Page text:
I talked about clone golf clubs as an affordable option in another post. Today, I’m going to discuss another option: component golf clubs.
Component golf clubs are not copies of another model; they are an Original Equipment Manufacture (OEM) design, much like the name brands.
Let’s get something out of the way, first: there are times when a component brand does look similar to a name brand. For example:
Kind of similar, with the triangular shape, right? Now, consider this:
Note the similar shape, triangular “muscle” and ever-so-slight cavity back. Again, pretty similar, right? I’m not even going to go into all the putter and wedge “idea sharing” <cough Newport vs. Anser cough>… But that’s what it is- idea sharing, similar to what Pinemeadow Golf talked about with SUVs.
Every facet of manufacturing has similar practices, from cars to golf clubs and everything in-between.
The Psychology of Golf Spending
There’s a sort of phenomenon that happens in life, where many believe that how much they spend determines how much they’re getting out of the product.
There are some things, like non-static items like cellphones, where this can be labeled as true. If you spend $400 on a phablet with a quad-core processor, 7″ screen, bluetooth, 5 gigs of RAM and a 20MP camera, you’re definitely going to get more than a $100 smartphone with a dual-core processor, 4″ screen, bluetooth, 2 gigs of RAM and a 4MP camera. Pretty obvious, right?
But what about a non-static item? Is a $50 trash can “better” than a $20 trash can, if everything about them is the same? How about a hammer, or… a golf club?
When a Duck is a Duck
If a golf component club head weighs 200g, has 10* of loft , is .5* closed and costs $150 fully assembled, how much different would a $300 club that has a head that weighs 200g, has 10* of loft and is .5* closed be (assuming that everything else about them- the specs, metal used, etc.- are the same)? A slight movement of the driver’s Center of Gravity (CG) may result in a shade different launch angle or a few hundred RPM’s difference in backspin rate, but only the best of us would notice and/or appreciate the difference. We’re talking Common Sense here.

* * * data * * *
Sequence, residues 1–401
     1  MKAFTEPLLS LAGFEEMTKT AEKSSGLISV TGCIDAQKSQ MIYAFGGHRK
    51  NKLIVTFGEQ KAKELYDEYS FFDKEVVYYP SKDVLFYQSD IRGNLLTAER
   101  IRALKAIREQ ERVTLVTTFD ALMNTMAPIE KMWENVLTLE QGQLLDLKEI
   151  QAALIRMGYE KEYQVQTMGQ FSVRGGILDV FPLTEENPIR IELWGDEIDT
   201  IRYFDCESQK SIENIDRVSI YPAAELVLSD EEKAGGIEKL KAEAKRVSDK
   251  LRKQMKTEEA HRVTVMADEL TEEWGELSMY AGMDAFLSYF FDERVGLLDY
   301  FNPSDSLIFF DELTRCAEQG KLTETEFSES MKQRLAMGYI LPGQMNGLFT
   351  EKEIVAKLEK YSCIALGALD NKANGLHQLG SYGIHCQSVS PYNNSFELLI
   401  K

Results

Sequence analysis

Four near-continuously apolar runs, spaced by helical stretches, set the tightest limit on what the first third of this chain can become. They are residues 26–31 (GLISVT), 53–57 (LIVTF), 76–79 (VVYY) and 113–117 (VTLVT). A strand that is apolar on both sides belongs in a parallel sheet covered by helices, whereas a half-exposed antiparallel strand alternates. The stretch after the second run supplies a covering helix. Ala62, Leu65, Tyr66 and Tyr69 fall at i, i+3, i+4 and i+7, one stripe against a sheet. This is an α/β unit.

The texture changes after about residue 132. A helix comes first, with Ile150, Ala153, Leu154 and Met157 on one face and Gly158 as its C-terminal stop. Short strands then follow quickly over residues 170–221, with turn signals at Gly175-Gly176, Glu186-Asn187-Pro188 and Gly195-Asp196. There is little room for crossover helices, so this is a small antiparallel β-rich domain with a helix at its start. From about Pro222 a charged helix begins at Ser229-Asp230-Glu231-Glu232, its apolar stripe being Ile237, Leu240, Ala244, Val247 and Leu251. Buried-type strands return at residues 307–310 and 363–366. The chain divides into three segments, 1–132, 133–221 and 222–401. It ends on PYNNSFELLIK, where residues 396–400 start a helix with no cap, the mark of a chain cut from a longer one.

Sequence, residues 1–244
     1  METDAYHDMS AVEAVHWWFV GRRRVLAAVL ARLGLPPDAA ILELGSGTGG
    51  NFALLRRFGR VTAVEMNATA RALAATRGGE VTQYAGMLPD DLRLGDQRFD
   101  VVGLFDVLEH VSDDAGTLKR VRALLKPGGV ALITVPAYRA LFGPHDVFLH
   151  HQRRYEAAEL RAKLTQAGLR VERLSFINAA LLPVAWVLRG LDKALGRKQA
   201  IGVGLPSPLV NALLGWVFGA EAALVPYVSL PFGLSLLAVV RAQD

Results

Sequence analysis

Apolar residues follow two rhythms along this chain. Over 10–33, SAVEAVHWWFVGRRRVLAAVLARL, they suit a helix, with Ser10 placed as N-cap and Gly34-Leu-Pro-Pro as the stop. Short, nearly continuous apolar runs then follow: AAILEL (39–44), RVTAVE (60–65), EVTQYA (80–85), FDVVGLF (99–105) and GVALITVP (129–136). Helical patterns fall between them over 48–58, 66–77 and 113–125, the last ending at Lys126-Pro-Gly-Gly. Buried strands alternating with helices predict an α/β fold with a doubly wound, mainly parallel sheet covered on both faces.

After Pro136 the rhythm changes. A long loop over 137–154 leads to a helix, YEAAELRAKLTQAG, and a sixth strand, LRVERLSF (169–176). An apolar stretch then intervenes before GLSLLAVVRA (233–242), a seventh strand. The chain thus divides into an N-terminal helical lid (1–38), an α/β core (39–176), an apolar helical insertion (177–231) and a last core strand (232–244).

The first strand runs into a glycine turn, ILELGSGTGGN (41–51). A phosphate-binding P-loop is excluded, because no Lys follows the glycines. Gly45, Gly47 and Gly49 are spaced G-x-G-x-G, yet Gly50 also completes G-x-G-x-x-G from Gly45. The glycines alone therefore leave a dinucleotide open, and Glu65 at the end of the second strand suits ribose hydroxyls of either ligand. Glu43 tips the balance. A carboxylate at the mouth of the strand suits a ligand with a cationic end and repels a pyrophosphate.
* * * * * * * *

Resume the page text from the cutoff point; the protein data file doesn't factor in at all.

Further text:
While it’s still a surprise to many, the same heads are all (mostly) made in the same foundries in China and Taiwan.
The forgings are done in either Japan or China. There just aren’t enough places in the world that handle that kind of work anymore, and the obvious cost-savings are a factor, as well. Think of shoes: you can get Nike, Adidas, Converse, or whatever, but they’re all made in the Far East, mostly in the same factories.
But how does all this affect the spender?
It’s about perception; if a consumer spends a lot of money on a product, they usually feel better about themselves for doing so. That’s the mentality “premium” schools use when pricing their tuition fees. That’s fine… everyone should be happy about this kind of thing, and if spending $2000 on a set of clubs makes them happy, more power to them.
But we’re practical people at GLG, with real lives outside of golf. We might not have a lot to spend on golf clubs, and that’s OK. That’s why I started this blog!
Now, I want to be painfully clear: I am a HUGE proponent for component golf clubs. Most of my bag is just that. When I recommend a brand like Hireko Golf, I talk with the fullest confidence in their product. I also have some of Diamond Tour Golf’s OEM stuff in my bag, which I also recommend. They are far from the only ones, though. To name a few, in no particular order:
- Tom Wishon Golf Technologies
- The GolfWorks
- Raven Golf
- TechPower Golf
- Alpha Golf (also owns Silver Diamond!)
- Pinhawk (NOTE: the non-highlighted brands, as well as Alpha/Silver Diamond, can be found at Value Golf).
So… What’s REALLY Important?
I’m never going to get tired of saying this: GET FITTED FOR YOUR GOLF CLUBS. Seriously, it’s that important. It doesn’t matter if it’s component golf clubs, name brand clubs you bought brand new, clone golf clubs, or name brand clubs you bought off Ebay at half the cost of new; to get the most out of them, they need to be fitted to your swing and body type. I’d prefer a dynamic (as in, while you swing) fitting, but even a static fitting by some online wizard is better than not getting fit at all. I promise you, it’s that important!